Little wonder we stumble in life.

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There was something about the bright lights, the crowd, his smile before the camera, that creeped her out. Because she saw the darkness behind it, the darkness inside when she him bloody, bruised, swollen. When her own knuckles bled as she stared down at him lying at her feet, her eyebrows still drawn tight, her breaths coming in shallow and sharp.

He didn’t remember.

But she did. She didn’t think she’d ever forget. Now every day she was in the same room as him, she remembered. There was something tainted about him now. And she couldn’t say a word, about how much she hated him, about what she’d done. Because she worked with him. Because now, he was smiling, taking food, talking in a light tone. He was friendly. He had never been with her.

There had always been a hidden rage inside her that she kept well hidden. Nobody would ever suspect her. Not even him.

“Hey, Anya, you wanna dance?” he finally asked, walking up to her.

“Sure,” she said, her voice wavering uncertainly as she took his hand uncertainly.

They danced to some unknown club song, playing from someone’s personal speakers. She pretended to like it. She even gave him a fake smile, pretending to like him. But, she kept reminding herself, she could never get that close to him again.

Until he swooped in closer, and she almost fell over backwards, and he captured her in his arms. Her insidee were rioting, but she made herself remain still, remain calm.

“That was a close one,” said Timothy. He smiled, that disgusting, hypocritical smile.

“Yeah,” she managed, flinching under his touch. He straightened her to her feet and let go. She had to remind her she really didn’t like him, because she could feel his assumptions creeping up on her. Men like to tell you exactly what you like, and who you are. They like to pretend they’re desirable to everyone. “Thanks,” she said, a little spite creeping into her voice and flying right over his head.

She went immediately to her room.

He followed her. “Where are you going?”

“Nowhere. Go back to the party.”

“Only if you come with me.”

No, her mind reacted automatically. “I’ll be right there.”

“No, you won’t. Come on!”

He made it sound perfectly reasonable, but she knew it was anything but. It was times like this she wondered about that night, how or even if he really could’ve forgotten. It seemed so ludicrous.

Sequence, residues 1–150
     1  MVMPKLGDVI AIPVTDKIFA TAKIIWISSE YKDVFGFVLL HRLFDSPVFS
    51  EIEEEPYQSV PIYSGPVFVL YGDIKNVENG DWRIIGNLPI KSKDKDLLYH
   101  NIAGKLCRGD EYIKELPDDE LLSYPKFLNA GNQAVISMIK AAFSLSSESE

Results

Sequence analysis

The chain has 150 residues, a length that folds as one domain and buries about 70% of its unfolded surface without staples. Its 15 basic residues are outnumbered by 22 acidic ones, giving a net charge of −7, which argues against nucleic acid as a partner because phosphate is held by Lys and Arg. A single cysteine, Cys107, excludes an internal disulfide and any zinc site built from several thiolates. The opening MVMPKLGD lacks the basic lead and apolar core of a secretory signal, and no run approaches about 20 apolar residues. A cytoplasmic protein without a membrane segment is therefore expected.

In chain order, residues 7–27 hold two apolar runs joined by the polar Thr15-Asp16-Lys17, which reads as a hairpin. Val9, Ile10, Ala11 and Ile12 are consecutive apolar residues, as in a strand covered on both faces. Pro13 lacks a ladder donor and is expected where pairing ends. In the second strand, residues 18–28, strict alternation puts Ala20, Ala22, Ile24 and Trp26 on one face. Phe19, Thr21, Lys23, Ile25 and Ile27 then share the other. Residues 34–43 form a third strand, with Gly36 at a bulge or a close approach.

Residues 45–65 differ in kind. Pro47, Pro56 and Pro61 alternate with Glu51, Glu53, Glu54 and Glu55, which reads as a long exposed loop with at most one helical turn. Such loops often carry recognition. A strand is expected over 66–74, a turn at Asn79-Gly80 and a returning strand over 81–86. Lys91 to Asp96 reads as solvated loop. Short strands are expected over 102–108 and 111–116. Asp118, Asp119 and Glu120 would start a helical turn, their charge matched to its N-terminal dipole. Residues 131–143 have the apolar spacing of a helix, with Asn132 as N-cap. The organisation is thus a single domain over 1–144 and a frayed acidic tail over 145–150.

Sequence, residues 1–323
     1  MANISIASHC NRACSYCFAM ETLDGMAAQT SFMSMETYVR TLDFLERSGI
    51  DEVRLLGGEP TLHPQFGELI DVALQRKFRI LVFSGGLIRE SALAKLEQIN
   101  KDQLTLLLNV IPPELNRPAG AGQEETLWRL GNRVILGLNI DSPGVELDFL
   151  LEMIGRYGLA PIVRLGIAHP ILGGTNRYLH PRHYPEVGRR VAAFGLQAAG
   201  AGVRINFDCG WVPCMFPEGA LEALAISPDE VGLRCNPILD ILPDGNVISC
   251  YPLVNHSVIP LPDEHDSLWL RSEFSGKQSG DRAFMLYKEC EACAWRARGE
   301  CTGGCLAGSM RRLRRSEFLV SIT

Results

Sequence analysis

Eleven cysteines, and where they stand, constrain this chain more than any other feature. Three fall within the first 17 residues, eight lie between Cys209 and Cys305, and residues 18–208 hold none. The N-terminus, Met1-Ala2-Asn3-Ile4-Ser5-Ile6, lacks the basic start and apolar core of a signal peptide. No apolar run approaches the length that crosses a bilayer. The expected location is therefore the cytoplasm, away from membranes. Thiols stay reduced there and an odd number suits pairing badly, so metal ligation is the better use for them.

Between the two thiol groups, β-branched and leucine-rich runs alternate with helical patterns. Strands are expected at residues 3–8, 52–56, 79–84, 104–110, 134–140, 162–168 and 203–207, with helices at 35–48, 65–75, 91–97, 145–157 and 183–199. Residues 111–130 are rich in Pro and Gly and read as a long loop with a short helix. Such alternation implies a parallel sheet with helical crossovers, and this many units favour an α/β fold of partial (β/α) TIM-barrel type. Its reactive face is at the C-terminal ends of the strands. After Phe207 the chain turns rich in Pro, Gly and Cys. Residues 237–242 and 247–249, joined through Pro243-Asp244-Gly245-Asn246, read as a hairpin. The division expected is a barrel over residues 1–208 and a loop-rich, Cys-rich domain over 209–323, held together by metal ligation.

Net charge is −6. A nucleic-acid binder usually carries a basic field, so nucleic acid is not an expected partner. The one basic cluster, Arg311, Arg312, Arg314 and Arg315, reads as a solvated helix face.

“Is this about me?”


“Come on, I didn’t even touch you!”

“It doesn’t matter. I just need a moment.”

“Okay, but you got to promise you’ll come right back. I’m saving us a dance.”

“Okay,” she said, just to get him to shut up, and he went back to the party.

She didn’t even bother turning on the light when she got inside. Mind roiling in nightmares, she flopped down on her bed, tossing and turning to sleep.

A touch on her shoulder shuddered her awake, and she twisted his wrist hard, sending its owner sprawling to the ground. Even when she heard his screams, she couldn’t stop, separating his arm from the socket. Blood flashed in her mind again, and it sent her fist flying into his face, defending herself from the intruder.

“It’s me, it’s me!” he cried, until another punch collided with his face, knocking him out.

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Permanent Loathing

“Why did you do this to me?” she asked herself, crying in the mirror, body full of fat and blood, thick, solid, thumping heart in her chest. “At least let me diet first. This body is too hungry, kills too many. I’d rather starve on a hospital bed than be this.”

And she had. For ten years before being bitten, she had gone between a hundred kilos and forty, bloated body and frail one, a life of self-hatred at extremes, a life both starving and full, in a desperate dissatisfied longing to find a perfect medium and passing it constantly. She had gotten used to the misery. It felt like she had spent less than 1% in that satisfied state before she lost it again, before her feelings, like a black pit of nerves and fear and disbelief, possessed her again and that hate bubbled to the surface again, convincing her she was ugly, that she wasn’t enough, that she had to eat less and exercise more, until her ribs poked out and her eyes sunk, and they had to feed her through a tube again. Feeling so sick, she swore she’d never do that again, and she ate and ate all her body back… until she couldn’t stop. And the process started over again.

She would never be back in that bed again. She was fat forever, a vampire thirsty for blood. Perhaps the vampire who bit her knew that, had a sadistic fascination with bloodlust, liked killing, liked corrupting her. Maybe he was like a soldier, or a serial killer, and wanted her to feel the same fury.

All that blood in her memories, dripping, soaking the ground, soaking people she had known… what was satisfying about that?

He walked up behind her, skinny had she had once been, thin waist, flat stomach, and wrapped his hands around her protruding one. “Because I love you, Stephanie. I hated to see you suffer. I want you to see yourself as I see you: beautiful.”

“I’ve killed people,” she said.

“I know,” he said. “But don’t you love me too? Isn’t this worth it?”

“No. Not anymore. I loved you too. But I can I love someone who made me this?”

“Because you just do. I can see inside your soul, Steph, I know you’re in pain. But love is forever, and I think you know that.”

“I feel no love here. I don’t think you ever have.”

“Stop lying,” he said, “it hurts, you know.”

“Now you know how I feel.”

“Please,” he begged, “just love yourself. Please,” he cried, silent solitary tears sliding slowly down his face. “Please.” He put his chin on her shoulder, looking at her reflection.

“I don’t know how,” she said.